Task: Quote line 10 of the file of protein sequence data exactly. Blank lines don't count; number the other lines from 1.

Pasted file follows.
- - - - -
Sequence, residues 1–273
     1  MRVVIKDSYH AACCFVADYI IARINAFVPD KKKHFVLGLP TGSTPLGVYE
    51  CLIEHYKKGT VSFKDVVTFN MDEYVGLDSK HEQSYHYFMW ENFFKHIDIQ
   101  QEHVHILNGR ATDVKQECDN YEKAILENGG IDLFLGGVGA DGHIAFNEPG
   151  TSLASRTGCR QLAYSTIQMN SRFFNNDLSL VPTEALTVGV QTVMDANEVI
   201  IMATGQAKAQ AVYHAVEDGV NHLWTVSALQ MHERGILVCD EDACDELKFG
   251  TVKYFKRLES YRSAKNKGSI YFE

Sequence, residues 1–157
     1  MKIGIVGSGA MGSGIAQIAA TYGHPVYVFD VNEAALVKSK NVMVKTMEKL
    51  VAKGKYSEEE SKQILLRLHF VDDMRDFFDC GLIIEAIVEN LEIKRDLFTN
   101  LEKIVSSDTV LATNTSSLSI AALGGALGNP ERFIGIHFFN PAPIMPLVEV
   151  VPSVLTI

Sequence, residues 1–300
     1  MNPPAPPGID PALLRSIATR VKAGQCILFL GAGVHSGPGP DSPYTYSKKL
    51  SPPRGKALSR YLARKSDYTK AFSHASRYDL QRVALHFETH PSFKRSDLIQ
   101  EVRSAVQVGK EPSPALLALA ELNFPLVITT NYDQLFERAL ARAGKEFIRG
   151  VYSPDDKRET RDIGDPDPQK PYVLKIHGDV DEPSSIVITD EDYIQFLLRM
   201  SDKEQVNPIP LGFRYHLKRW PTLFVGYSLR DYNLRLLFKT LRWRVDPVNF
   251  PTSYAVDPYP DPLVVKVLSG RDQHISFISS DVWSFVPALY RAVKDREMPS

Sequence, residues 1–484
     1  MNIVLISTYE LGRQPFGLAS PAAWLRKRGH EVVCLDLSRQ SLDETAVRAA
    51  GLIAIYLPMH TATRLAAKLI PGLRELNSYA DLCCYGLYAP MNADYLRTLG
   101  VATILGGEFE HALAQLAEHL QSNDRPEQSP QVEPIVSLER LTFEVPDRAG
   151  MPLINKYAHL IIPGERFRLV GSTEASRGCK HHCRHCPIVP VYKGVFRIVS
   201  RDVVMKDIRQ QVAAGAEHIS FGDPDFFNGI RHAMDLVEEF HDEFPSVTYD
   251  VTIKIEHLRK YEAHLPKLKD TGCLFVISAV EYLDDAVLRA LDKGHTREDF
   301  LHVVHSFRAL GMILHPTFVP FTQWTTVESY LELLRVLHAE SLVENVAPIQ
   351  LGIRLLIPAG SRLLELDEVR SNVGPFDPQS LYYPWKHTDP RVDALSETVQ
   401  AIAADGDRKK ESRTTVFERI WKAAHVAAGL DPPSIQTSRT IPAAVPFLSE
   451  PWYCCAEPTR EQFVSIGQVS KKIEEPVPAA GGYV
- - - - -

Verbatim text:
    51  VAKGKYSEEE SKQILLRLHF VDDMRDFFDC GLIIEAIVEN LEIKRDLFTN